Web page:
Marvellous Moquette

Moquette, which comes from the French word for carpet, is a tough woollen fabric that is used in upholstery on public transport all over the world. Read more about the history of moquette and discover some of our favourite patterns in this story.

By London Transport Museum

Lozenge' pattern moquette sample, Unknown, circa 1923, From the collection of: London Transport Museum
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  Moquette was first applied to public transport seating in London in the 1920s. This sample shows the first moquette pattern - called Lozenge, this design was made in 1923 by Firth Furnishings Ltd and used on trains during the 1920s, and on bus, tram and trolleybus upholstery in the 1930s. It followed the fashions in home furnishings and art deco styles of the day. 

Colindale' ('Leaf') design, design number 12703, Marion Dorn, circa 1937, From the collection of: London Transport Museum
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Moquette sample as used on Hammersmith & City line O-stock cars, Unknown, circa 1935, From the collection of: London Transport Museum
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Colindale' or 'Leaf' design, design number 7533 NX, Marion Dorn, 1937, From the collection of: London Transport Museum
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After London Transport was created in the 1930s,  Chief Executive, Frank Pick and his Publicity Officer, Christian Barman commissioned established artists and designers to create stylish, contemporary patterns for the Capital’s transport system. The patterns above were some of the designs created in this era, transforming the practical seating fabric to a design icon.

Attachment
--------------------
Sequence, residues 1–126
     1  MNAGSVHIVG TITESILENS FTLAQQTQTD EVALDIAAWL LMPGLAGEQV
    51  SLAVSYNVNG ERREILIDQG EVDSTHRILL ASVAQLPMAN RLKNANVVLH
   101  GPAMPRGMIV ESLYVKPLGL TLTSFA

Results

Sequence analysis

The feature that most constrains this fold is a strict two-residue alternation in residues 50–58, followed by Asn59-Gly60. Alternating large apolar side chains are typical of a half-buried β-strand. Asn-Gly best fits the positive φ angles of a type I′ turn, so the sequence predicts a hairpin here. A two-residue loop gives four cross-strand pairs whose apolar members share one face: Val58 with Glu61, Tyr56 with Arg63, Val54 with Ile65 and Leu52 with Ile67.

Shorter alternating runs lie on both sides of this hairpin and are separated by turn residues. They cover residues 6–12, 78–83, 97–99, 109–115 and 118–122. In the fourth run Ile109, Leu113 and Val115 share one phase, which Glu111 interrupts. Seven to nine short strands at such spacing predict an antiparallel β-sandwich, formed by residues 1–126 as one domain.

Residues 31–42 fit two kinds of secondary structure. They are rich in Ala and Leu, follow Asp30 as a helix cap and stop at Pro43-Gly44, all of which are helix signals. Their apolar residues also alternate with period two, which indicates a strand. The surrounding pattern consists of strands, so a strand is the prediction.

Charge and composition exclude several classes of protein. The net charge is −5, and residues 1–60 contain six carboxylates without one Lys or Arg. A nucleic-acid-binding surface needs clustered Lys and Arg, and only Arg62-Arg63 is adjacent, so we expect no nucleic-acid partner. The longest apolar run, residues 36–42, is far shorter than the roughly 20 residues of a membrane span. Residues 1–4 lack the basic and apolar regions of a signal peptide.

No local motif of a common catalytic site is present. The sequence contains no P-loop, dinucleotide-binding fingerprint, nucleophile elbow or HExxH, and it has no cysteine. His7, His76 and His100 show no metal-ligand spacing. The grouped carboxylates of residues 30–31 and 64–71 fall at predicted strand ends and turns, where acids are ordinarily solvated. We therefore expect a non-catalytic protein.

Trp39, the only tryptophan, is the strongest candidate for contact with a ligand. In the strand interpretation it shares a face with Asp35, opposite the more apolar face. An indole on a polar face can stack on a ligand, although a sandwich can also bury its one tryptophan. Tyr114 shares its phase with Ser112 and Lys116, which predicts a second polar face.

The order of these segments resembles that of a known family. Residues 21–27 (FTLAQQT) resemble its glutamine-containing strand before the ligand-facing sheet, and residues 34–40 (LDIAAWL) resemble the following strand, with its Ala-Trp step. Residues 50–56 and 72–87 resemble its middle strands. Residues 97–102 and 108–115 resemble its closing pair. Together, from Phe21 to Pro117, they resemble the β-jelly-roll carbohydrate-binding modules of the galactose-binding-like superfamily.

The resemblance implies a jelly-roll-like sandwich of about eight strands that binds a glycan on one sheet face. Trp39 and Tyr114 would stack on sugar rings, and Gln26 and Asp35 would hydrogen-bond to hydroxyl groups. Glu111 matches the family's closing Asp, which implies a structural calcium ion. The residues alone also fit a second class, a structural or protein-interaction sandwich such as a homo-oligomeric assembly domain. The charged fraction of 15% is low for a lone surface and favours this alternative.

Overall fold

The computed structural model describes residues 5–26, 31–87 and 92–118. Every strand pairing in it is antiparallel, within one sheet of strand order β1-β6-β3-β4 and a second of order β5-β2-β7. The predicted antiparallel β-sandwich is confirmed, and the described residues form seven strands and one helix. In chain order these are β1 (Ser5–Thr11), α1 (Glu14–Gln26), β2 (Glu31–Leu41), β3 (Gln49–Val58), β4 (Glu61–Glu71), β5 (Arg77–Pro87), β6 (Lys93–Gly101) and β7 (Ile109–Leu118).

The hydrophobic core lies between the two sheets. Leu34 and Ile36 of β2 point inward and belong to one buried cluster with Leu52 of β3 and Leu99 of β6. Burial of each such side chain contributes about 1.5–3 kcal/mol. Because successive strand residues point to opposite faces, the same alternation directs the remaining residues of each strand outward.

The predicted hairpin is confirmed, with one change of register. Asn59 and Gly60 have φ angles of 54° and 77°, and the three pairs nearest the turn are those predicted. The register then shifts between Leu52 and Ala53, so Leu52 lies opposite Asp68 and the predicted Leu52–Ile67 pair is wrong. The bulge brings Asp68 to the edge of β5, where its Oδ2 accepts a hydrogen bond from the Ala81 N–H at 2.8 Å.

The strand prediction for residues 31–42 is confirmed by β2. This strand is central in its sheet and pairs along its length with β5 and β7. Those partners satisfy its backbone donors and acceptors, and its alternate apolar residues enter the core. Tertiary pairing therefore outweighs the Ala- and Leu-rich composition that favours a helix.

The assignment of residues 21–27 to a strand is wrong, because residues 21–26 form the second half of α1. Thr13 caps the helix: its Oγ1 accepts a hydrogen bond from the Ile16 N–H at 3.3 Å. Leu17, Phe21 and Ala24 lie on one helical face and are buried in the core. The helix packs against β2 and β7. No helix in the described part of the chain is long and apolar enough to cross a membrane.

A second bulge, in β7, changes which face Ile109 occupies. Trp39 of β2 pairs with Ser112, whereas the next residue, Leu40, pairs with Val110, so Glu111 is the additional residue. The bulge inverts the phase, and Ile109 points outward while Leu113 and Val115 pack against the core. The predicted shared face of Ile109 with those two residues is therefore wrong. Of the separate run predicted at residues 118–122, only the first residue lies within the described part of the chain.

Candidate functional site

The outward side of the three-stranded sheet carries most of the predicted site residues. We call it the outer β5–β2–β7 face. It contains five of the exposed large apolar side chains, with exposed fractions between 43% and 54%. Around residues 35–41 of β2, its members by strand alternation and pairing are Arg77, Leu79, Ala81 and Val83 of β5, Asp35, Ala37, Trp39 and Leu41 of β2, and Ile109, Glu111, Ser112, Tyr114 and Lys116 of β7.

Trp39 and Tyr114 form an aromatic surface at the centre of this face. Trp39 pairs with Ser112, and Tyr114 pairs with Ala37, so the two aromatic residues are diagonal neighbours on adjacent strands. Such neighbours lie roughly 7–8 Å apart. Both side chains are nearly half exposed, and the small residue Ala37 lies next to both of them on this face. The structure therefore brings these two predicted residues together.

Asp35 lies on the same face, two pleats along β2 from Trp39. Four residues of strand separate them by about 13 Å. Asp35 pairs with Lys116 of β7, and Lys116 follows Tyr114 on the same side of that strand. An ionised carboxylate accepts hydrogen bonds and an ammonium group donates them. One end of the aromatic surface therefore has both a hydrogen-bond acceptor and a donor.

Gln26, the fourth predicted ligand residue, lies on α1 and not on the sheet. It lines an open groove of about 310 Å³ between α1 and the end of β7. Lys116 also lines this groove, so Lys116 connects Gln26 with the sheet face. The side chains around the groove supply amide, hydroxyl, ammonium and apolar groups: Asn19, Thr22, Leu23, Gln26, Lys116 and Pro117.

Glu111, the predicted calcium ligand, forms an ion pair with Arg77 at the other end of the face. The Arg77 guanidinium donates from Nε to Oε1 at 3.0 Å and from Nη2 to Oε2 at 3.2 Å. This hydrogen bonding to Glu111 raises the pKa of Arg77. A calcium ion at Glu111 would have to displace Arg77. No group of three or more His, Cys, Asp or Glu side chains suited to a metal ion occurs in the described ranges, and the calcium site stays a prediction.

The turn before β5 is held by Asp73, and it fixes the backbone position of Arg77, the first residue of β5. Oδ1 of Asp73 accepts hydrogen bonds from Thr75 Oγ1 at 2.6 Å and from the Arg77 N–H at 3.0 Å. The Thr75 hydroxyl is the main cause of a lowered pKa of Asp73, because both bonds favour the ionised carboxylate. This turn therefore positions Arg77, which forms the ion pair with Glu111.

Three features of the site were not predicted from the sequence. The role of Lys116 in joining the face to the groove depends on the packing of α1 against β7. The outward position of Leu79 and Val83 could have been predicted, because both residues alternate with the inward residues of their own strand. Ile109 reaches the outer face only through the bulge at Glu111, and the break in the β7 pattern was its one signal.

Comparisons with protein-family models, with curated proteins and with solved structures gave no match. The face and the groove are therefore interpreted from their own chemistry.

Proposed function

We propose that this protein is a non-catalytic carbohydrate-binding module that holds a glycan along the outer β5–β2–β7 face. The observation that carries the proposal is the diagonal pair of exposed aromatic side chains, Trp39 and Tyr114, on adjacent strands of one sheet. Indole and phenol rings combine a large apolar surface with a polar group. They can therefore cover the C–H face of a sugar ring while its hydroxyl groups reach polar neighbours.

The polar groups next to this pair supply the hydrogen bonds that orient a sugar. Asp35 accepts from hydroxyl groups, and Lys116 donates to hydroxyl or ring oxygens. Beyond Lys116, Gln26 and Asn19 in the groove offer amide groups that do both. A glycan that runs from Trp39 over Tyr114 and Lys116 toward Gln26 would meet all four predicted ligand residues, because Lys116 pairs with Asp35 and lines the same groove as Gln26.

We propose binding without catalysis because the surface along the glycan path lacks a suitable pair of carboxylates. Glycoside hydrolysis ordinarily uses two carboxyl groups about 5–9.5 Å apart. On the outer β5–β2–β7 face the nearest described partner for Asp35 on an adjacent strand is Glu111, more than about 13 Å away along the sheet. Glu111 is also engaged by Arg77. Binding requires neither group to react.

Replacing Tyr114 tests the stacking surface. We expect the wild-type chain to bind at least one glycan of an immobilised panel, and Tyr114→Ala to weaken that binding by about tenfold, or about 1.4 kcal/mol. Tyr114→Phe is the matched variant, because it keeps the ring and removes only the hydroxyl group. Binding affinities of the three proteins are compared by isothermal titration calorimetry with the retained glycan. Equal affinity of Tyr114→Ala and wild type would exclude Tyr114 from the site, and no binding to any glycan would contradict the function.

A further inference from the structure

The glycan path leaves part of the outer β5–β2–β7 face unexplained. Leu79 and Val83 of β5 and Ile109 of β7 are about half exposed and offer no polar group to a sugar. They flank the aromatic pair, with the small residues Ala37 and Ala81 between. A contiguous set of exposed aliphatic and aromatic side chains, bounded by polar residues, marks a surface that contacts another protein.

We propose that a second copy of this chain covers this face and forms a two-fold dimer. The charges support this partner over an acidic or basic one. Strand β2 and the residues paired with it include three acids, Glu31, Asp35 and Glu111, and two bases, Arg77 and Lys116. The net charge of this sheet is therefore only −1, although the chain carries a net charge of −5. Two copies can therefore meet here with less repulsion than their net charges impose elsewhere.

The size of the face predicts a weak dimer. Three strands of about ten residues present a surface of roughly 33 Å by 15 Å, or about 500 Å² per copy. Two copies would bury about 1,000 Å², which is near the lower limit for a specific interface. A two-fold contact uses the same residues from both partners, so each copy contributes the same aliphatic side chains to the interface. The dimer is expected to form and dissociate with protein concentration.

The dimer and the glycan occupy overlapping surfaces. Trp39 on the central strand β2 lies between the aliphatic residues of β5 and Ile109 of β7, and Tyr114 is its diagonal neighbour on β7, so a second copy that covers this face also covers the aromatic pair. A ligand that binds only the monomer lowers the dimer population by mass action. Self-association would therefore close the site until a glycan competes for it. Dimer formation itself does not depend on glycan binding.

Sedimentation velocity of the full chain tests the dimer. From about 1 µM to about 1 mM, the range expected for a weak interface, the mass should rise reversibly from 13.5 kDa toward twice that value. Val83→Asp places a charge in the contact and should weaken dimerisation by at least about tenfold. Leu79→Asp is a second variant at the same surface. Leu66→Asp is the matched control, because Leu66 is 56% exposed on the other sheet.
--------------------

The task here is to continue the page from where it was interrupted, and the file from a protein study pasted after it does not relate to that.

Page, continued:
Moquette sample as used on Metrobus, Titan type buses, D78-stock and 1983-tube stock, Design Research Unit (DRU), circa 1975, From the collection of: London Transport Museum
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Interior view of a D78 District Line carriage, Unknown, circa 1980, From the collection of: London Transport Museum
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Moquette can be found in a variety of colours and patterns. When the surface stock cars on the District line were renewed, the mainly grey finishes of the old interiors were replaced by brighter designs. The new interiors were designed by Misha Black's Design Research Unit. The internal doors were painted orange and the moquette matched the colour scheme. This pattern was also used on the Metro and Titan buses, which were introduced about the same time as D78 stock.